Resolving the problem

Available for multiple operating systems
Wireshark is useful and a freely available tool that can read files and capture packets on almost any operating system.

Using iptrace on AIX®
You can use any combination of these options, you do not need to use them all:

-a Do NOT print out arps. Useful with clean up traces.
-s <source id> Limit trace to source/client IP address, if known.
-d <destination id> Limit trace to destination IP, if known.
-b Capture bidirectional traffic (send and responsepackets).
-p <port> Specify the port to be traced.

Example:

  1. Run iptrace on AIX interface en1 to capture port 80 traffic from a single client IP to a server IP:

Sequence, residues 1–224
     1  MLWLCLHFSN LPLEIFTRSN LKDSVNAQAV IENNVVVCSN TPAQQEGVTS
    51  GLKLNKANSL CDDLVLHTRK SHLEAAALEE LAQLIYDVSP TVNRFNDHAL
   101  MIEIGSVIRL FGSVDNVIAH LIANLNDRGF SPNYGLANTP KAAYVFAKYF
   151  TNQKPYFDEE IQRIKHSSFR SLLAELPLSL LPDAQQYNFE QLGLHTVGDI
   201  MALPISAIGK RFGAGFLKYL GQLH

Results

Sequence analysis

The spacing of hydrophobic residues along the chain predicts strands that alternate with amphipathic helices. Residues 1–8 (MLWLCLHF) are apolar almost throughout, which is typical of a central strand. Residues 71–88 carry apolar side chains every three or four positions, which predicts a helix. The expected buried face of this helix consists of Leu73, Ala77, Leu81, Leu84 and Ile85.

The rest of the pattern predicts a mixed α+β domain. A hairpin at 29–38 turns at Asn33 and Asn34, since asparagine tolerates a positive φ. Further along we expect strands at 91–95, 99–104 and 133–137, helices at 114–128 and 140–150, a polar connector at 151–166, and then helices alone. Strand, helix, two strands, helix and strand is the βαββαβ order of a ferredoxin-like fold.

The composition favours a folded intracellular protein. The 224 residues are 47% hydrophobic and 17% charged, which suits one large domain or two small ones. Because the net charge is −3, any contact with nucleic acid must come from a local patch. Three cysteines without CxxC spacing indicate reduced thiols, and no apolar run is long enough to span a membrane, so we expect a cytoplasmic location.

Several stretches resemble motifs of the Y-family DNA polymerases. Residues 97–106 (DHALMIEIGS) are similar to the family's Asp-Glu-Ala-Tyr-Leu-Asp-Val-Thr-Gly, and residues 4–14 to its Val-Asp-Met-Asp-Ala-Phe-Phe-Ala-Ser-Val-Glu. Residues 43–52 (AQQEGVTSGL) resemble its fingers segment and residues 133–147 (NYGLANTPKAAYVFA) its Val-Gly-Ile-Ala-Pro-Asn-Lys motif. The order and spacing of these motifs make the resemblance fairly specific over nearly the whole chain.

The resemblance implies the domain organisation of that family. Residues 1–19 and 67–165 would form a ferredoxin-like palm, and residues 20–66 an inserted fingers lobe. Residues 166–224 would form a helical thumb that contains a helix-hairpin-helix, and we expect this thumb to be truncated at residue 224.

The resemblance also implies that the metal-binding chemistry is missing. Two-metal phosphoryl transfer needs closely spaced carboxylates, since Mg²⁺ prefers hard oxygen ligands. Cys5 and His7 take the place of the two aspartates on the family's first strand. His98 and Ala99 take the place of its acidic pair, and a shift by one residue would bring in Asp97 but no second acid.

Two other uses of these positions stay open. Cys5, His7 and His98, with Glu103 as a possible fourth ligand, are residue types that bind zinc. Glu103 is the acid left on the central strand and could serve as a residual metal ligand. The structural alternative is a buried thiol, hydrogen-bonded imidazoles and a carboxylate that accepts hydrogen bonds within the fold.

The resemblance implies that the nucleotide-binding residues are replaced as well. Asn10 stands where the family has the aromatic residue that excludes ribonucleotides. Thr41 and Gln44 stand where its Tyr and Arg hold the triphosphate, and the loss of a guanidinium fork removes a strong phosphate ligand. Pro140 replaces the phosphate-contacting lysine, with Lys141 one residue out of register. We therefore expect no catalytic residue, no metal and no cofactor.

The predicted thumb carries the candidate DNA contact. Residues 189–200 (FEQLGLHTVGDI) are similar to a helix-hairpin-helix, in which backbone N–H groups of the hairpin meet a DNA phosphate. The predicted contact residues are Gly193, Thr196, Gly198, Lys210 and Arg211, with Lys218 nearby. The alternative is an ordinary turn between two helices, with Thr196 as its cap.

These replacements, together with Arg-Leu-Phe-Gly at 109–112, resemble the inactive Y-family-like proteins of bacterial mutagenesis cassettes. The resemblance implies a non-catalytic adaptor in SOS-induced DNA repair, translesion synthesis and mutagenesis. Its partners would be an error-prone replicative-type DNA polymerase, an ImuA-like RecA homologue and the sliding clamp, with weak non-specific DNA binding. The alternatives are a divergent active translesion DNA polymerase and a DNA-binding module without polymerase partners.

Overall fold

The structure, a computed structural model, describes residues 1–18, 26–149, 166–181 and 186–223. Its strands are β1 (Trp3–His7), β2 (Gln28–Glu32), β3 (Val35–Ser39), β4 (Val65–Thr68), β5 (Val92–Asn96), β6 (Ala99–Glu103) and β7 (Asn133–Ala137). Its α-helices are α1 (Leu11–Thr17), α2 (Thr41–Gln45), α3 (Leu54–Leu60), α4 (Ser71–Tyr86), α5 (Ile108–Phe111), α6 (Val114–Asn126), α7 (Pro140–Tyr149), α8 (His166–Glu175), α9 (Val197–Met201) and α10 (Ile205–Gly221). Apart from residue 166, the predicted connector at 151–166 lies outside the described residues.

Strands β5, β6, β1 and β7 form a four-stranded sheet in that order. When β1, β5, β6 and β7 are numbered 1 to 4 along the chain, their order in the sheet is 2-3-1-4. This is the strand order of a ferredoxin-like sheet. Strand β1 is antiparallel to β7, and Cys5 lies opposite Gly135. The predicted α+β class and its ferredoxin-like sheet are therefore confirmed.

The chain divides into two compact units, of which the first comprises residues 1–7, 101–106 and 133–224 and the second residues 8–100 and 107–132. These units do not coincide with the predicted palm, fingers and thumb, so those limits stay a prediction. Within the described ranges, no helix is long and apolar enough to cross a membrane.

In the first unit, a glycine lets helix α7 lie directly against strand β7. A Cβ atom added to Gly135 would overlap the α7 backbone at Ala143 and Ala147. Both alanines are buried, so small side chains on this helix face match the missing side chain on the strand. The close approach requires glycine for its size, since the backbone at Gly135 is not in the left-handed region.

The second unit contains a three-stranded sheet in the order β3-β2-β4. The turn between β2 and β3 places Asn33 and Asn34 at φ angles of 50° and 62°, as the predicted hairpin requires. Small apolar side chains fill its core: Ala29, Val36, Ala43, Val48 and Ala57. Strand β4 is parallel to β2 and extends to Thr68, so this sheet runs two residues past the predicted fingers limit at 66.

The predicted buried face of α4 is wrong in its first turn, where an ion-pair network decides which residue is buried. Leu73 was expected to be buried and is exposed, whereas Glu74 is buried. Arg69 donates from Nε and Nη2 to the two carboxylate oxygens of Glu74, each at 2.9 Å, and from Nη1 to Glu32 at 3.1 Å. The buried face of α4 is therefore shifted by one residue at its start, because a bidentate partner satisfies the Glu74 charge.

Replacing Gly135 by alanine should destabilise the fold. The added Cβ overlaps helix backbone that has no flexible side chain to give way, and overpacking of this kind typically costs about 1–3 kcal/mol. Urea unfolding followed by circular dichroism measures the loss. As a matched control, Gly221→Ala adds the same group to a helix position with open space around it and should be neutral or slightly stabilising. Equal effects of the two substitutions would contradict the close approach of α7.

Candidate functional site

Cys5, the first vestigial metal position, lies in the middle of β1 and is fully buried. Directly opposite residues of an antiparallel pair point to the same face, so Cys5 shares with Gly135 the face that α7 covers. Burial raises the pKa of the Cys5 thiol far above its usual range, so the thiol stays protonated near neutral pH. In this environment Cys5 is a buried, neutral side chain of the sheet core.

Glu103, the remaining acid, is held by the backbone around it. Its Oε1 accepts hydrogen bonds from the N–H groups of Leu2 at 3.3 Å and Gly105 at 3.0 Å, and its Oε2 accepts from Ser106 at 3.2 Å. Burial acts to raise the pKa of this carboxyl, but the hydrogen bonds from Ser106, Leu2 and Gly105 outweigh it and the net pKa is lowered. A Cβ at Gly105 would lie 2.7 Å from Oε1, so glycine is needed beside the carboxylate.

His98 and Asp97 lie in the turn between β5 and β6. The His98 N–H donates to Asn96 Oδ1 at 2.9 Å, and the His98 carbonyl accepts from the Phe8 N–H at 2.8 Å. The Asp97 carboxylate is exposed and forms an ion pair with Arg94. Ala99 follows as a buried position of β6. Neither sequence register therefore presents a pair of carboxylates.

iptrace -a -i en1 -s clientip -b -d serverip -p 80 trace.out

    This trace will capture both directions of the port 80 traffic on interface en1 between the clientip and serverip and send this to the raw file of trace.out.

  2. Reproduce the problem, then run the following:

    ps -ef|grep iptrace
    kill -15 <pid>

Trace tools like Wireshark can read trace.out files created by iptrace

exception: it is not possible to collect a packet capture on AIX when using IBM Load Balancer for ipv4 and ipv6
.

Using snoop on Solaris™

-v Include verbose output. Commonly used when dumping to pre-formatted output.
-o Dump in binary format. Output written to a binary file that is readable by Ethereal.

Example scenario:
snoop hme0 -v >snoop.out
snoop -o snoop.out

These commands capture all traffic on the hme0 interface. Use combinations of snoop options to meet your needs.